A year ago, Aston Martin wowed attendees of the Geneva Motor Show with the audacious impracticality of its Lagonda limousine concept. This year, the British marque is coming down to earth with an all-terrain SUV concept Lagonda that is... every bit as ridiculous as the first one. Now dubbed the Lagonda All-Terrain Concept, the new car is still the size of a small train carriage, it still has doors longer than a Smart car, and it’s still decorated more plushly than a Swiss lodge. But there’s one key difference: Aston Martin’s promise that the All-Terrain SUV will enter production in Wales in 2022.
This car is confrontationally large
So let’s take a moment to try to figure out what parts of this ridiculous assemblage of engineering and luxury excess have a chance of making it in a real road-going vehicle. Aston Martin claims fully autonomous and zero-emissions driving, courtesy of an electric powertrain, both of which can be taken as realistic goals for a 2022 car. The steering wheel and the large displays built into it and the backs of the front seats are fine, and so are the Swarovski crystals embedded into the seat padding and all of the finery that the doors are clad in.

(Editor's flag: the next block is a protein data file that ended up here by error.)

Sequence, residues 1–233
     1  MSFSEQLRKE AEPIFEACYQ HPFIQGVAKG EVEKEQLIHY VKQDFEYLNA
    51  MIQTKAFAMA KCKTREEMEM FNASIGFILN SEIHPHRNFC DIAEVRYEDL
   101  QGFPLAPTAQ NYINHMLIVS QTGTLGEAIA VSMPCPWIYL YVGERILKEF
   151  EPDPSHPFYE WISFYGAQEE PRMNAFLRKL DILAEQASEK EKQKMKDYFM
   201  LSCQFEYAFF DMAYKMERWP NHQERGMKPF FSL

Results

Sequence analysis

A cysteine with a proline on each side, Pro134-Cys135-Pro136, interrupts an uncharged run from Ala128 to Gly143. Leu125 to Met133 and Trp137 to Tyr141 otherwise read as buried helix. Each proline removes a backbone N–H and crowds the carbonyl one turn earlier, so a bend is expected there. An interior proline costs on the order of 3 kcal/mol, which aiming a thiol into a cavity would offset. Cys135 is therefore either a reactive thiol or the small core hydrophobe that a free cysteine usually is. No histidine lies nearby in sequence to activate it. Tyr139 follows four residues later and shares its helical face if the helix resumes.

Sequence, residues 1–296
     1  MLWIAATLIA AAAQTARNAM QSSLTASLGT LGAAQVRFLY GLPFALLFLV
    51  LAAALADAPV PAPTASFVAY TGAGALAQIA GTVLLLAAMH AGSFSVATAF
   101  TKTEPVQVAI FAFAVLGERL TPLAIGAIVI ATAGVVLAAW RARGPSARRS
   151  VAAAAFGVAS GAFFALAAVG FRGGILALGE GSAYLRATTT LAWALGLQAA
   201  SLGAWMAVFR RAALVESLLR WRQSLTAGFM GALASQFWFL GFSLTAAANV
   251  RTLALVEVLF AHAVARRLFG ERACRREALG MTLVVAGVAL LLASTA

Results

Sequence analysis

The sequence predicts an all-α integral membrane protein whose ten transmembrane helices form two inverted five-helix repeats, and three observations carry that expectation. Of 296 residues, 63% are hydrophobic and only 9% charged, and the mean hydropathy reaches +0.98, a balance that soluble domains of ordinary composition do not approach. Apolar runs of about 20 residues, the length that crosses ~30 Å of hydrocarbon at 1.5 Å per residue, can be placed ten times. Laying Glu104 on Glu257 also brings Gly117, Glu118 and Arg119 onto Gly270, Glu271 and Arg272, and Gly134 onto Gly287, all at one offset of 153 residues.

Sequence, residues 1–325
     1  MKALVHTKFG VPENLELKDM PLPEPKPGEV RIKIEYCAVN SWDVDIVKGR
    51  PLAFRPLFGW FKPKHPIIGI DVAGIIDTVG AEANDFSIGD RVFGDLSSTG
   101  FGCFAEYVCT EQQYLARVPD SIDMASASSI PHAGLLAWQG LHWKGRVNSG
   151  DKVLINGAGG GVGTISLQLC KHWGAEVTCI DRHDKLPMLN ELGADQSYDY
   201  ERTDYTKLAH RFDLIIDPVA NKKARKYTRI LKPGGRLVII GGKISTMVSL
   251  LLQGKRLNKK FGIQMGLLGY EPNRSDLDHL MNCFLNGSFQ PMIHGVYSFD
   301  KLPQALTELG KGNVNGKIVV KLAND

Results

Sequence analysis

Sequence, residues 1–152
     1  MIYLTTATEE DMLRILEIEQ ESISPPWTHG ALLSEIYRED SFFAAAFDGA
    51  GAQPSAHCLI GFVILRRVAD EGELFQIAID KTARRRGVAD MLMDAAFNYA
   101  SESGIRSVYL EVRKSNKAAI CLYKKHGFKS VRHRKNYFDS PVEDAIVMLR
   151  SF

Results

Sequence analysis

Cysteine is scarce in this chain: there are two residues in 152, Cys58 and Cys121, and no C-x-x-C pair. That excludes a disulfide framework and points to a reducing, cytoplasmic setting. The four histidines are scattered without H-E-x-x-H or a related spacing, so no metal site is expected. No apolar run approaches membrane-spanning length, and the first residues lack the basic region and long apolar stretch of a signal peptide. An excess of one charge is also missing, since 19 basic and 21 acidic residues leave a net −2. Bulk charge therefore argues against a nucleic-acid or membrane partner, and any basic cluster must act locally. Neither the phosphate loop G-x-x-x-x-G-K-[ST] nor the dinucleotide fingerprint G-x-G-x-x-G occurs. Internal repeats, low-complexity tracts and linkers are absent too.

I do struggle to believe that anything quite so enormous as the Lagonda All-Terrain Concept can be put on the road without requiring an enormous battery, and I’d imagine a few of its dimensions would shrink between the current conceptual stage and any prototype approaching production readiness. I also question the hovering — yes, I verified that it does indeed levitate — key for the car, which an Aston Martin rep tells me also doubles as a navigation dial. Don’t get me wrong, it’s an intensely futuristic bit of design, but I imagine it’s also intensely fiddly to try and actually use.
Working on the theme of making the technology invisible, Aston Martin’s Lagonda concepts ultimately boil down to exhibitions of extreme opulence. From the indulgent exterior curves and lines to the grandiose size and space within the interior. It’s an SUV, Aston Martin claims, but it’s unlike any SUV I’ve ever seen or will ever have the means to purchase. Still, it makes for fun pictures, and it’s an entertaining conversation starter.
Photography by Vlad Savov / The Verge